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Less wealth tied to higher odds of disability and premature death
October 23, 2017 / 9:07 PM / a month ago

Less wealth tied to higher odds of disability and premature death

(Reuters Health) - People with fewer assets like real estate, savings, stocks and retirement accounts may be more likely to develop disabilities or die prematurely than wealthier individuals, a new study suggests.

While plenty of previous research has documented health problems associated with poverty, the current study looked beyond just income to focus on a wide variety of financial resources that adults in the U.S. and UK may accumulate by middle age and beyond.

“Interestingly, the link between wealth and health outcomes was seen in both the U.S. and England, which are two countries with very different health and social safety net systems,” said study leader Dr. Lena Makaroun of the VA Puget Sound Health Care System and the University of Washington in Seattle.

“We also saw the same pattern for older adults both above and below age 65, at which age Medicare becomes available in the U.S. and around which age retirement benefits kick in in both countries,” Makaroun said by email.

The similarities suggest that for low-wealth individuals, health care or financial benefits alone may not be enough to improve their health trajectory, she added.

For 10 years, the researchers tracked nearly 20,000 participants in the U.S. and England from nationally representative groups of older adults. They looked at two different age groups - 54 to 64 and 66 to 76 - because Medicare and Social Security benefits in the U.S. and the State Pension in England typically begin around age 65.

The connection between wealth and health was clear even among the younger people in the study, researchers report in JAMA Internal Medicine.

In the U.S., people aged 54 to 64 in the lowest of five levels of wealth, with assets of no more than $39,000, had 17 percent risk of death and 48 percent risk of disability over 10 years.

By contrast, the wealthiest of the five groups, with more than $560,000, had a death risk of 5 percent and a disability risk of 15 percent.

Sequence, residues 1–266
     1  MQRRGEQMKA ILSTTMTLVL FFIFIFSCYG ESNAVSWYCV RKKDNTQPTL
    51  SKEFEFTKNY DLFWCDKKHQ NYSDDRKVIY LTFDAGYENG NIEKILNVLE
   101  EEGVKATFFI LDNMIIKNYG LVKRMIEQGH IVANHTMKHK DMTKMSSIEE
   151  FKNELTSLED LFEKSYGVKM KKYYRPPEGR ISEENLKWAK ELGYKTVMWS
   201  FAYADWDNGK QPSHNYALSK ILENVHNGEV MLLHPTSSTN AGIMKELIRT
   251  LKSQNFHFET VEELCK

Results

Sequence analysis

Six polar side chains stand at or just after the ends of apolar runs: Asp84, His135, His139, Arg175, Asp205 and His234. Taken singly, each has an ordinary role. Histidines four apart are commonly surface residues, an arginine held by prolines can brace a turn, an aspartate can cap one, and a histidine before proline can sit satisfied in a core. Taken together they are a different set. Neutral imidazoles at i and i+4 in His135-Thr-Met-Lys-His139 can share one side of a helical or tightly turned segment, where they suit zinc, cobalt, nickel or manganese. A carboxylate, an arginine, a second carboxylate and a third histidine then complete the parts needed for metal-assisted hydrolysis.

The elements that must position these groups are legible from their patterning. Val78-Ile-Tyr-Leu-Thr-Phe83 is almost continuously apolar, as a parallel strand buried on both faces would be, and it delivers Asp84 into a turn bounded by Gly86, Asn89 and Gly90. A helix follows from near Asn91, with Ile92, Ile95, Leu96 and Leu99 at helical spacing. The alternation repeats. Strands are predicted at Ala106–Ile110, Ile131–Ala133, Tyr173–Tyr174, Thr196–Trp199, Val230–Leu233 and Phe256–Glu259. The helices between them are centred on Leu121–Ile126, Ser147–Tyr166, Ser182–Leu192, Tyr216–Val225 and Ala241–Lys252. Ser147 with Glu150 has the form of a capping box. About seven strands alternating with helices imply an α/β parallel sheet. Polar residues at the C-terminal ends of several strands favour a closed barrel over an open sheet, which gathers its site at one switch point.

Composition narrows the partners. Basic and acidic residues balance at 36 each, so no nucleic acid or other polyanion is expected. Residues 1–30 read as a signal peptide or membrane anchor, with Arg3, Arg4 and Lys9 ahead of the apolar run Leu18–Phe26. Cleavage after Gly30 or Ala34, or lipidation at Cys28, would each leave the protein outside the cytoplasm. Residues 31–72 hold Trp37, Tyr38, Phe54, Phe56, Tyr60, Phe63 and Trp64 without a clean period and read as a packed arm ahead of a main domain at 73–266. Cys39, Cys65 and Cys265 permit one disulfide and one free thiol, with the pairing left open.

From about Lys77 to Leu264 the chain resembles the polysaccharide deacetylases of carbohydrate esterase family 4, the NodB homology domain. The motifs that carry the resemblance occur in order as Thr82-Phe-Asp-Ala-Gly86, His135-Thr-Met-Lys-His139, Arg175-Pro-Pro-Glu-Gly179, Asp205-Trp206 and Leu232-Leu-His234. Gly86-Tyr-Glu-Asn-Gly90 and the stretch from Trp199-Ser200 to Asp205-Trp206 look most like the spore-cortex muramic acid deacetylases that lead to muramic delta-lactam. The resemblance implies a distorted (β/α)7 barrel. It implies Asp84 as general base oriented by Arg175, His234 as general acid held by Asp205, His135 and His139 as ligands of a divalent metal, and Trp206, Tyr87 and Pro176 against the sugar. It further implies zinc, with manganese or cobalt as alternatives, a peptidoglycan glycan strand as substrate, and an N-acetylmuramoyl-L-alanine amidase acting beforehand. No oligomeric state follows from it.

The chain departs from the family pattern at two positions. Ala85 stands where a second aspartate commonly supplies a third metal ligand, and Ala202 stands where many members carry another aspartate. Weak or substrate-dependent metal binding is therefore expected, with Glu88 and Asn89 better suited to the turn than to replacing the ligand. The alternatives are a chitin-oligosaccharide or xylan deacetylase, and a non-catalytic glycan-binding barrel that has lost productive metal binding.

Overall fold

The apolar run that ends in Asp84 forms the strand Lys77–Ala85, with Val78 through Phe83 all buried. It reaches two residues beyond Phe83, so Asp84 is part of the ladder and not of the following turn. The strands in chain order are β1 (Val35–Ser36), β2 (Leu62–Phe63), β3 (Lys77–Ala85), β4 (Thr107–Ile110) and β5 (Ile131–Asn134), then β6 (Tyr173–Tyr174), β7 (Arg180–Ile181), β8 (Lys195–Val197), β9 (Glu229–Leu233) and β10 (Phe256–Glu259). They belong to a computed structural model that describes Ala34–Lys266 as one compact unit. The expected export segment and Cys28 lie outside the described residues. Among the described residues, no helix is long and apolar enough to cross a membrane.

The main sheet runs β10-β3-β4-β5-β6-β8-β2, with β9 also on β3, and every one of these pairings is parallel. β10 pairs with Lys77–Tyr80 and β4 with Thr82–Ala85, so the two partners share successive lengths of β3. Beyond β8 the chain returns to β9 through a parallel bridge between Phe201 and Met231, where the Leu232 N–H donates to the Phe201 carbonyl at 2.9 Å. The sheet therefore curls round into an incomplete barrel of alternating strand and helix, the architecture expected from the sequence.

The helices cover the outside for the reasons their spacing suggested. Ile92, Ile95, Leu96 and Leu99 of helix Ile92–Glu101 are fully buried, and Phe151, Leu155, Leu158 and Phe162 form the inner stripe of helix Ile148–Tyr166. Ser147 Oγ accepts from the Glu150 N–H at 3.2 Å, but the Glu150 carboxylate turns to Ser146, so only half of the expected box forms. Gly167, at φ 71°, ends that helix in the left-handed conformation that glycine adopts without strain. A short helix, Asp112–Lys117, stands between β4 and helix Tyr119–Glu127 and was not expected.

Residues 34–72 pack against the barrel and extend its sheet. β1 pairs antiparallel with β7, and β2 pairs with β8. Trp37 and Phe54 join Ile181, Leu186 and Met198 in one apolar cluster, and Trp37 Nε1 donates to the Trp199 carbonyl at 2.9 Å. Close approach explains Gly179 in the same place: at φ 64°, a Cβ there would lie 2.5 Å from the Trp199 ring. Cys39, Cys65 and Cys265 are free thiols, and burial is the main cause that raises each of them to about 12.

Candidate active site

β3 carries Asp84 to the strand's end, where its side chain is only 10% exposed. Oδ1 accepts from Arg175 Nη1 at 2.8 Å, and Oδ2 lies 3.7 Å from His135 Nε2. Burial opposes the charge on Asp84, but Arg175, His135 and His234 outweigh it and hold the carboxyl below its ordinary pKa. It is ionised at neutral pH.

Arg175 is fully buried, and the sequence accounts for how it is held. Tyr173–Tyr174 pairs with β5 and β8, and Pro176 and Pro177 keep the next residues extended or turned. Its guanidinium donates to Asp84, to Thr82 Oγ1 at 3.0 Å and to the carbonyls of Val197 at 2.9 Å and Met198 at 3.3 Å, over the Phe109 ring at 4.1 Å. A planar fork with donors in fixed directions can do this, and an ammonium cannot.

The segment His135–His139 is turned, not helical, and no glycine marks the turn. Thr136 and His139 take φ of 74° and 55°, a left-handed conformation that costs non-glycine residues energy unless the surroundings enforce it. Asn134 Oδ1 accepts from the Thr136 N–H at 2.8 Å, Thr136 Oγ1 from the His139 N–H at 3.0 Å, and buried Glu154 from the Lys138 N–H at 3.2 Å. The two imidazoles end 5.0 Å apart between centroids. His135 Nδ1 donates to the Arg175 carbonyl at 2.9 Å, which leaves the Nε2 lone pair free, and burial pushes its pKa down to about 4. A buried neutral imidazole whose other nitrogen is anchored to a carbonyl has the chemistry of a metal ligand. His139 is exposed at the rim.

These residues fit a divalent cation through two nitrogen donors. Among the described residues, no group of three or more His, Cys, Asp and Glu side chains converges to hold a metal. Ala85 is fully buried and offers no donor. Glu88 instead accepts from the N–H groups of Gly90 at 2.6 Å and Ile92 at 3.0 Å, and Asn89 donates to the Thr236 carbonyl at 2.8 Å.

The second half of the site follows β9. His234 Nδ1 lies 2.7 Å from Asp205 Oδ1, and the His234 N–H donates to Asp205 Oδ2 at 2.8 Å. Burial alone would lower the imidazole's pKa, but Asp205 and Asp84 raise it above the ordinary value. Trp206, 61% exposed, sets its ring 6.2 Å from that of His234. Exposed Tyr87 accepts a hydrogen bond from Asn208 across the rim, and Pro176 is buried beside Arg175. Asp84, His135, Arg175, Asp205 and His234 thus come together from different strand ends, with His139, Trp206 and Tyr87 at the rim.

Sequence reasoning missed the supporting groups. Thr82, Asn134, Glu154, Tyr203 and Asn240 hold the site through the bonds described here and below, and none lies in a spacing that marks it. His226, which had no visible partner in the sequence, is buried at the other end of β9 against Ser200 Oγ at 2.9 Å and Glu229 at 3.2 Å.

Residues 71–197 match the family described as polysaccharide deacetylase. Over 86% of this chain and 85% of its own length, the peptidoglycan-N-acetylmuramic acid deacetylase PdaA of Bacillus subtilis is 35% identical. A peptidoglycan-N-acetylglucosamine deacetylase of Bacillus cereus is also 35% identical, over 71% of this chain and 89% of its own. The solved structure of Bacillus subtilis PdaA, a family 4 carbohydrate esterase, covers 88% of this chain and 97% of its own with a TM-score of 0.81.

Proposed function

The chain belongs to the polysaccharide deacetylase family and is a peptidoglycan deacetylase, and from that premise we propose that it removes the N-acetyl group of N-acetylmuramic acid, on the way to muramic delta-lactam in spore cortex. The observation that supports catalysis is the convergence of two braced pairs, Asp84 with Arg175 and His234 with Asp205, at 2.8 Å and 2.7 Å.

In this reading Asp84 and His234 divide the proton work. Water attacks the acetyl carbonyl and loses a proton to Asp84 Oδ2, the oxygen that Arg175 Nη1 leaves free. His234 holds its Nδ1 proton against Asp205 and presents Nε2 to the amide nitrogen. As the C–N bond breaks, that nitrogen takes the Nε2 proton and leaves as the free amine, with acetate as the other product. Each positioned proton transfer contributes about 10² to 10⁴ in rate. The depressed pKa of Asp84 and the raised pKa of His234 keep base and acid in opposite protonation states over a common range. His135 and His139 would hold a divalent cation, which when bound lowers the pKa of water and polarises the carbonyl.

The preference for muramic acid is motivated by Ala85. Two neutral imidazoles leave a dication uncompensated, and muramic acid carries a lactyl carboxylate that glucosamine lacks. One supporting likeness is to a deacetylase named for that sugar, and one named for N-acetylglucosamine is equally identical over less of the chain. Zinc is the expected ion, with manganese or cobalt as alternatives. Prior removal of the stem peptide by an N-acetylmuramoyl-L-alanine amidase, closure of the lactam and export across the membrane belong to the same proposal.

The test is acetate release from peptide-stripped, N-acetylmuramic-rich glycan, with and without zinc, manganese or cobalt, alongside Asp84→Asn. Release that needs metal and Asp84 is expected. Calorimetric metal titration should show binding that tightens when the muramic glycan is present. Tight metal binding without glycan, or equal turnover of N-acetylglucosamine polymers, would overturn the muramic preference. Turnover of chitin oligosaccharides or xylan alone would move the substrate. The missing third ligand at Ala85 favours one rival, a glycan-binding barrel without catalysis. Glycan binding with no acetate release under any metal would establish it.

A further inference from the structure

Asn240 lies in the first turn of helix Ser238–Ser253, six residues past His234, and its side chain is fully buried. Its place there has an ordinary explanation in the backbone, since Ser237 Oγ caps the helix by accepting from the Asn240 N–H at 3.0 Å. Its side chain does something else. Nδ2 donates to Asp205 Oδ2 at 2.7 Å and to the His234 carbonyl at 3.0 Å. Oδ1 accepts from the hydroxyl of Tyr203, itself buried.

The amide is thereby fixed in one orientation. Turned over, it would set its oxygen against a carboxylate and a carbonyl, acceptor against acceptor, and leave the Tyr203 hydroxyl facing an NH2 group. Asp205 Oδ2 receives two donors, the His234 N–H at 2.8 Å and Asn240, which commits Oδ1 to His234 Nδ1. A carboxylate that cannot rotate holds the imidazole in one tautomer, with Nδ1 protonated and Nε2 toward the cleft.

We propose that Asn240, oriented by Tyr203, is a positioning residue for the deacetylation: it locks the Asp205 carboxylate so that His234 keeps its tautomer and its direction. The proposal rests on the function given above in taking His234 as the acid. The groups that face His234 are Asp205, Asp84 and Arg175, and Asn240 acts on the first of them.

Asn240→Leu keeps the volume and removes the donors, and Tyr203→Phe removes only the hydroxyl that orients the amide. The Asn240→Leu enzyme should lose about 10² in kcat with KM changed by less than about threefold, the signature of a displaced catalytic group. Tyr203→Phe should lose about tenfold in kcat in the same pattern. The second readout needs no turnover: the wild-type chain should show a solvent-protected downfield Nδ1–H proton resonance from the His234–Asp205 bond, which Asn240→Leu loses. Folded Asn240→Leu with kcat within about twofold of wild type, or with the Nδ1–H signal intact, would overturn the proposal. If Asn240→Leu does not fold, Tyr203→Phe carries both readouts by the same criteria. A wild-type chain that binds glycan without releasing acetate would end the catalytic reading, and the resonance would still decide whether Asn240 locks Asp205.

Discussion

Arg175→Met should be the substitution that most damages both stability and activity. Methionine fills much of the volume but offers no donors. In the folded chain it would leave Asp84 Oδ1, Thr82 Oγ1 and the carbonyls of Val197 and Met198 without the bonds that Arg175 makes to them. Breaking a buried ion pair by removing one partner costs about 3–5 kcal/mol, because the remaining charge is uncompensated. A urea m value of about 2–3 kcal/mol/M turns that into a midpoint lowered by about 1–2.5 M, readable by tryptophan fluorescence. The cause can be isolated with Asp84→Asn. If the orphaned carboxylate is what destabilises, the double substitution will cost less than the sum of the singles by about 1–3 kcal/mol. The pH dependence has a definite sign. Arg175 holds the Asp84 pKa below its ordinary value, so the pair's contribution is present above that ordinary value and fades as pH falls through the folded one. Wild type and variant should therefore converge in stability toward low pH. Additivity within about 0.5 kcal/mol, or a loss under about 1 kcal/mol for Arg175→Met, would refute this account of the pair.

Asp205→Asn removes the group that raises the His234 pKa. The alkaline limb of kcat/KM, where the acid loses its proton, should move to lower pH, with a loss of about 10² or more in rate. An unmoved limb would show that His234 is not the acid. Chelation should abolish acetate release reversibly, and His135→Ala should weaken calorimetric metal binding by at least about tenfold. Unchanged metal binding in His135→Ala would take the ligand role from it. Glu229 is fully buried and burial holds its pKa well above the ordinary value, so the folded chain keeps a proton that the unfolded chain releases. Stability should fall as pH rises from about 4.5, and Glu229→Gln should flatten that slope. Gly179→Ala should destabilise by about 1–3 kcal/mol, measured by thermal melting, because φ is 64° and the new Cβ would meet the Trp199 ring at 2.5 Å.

Disability was defined as any difficulty in performing activities of daily living, such as dressing, eating and bathing.

In the U.K., people aged 54 to 64 in the lowest wealth group, with no more than 34,000 euros, had a 16 percent death risk and a 42 percent disability risk over 10 years. The wealthiest group, with more than 310,550 euros, had a death risk of 4 percent and a disability risk of 17 percent.

For the adults aged 66 to 76, the absolute risk of death and disability was higher, but the differences across levels of wealth were similar, the study found.

One limitation of the study is the differences between financial and health circumstances for adults in the U.S. and the U.K., the authors note. Another shortcoming is the lack of disability data for some people included in the disability analysis.

In some instances, people may also receive retirement benefits in either country, or government health benefits in the U.S., before age 65, the researchers also point out.

Even so, the findings add to a large and growing body of evidence linking wealth to health outcomes, said Dr. Martin McKee, author of an accompanying editorial and a public health researcher at the London School of Hygiene and Tropical Medicine.

“It highlights how the health system is only one input into health, something we have known for many years,” McKee said by email.

“We do know that greater wealth and income gives you the resources to make healthy choices in diet, leisure, etc.,” McKee added. “Moreover, having greater wealth is like having an insurance policy against things going badly wrong, giving you a more positive outlook on the future.”

SOURCE: bit.ly/2lb7iVF JAMA Internal Medicine, online October 23, 2017.

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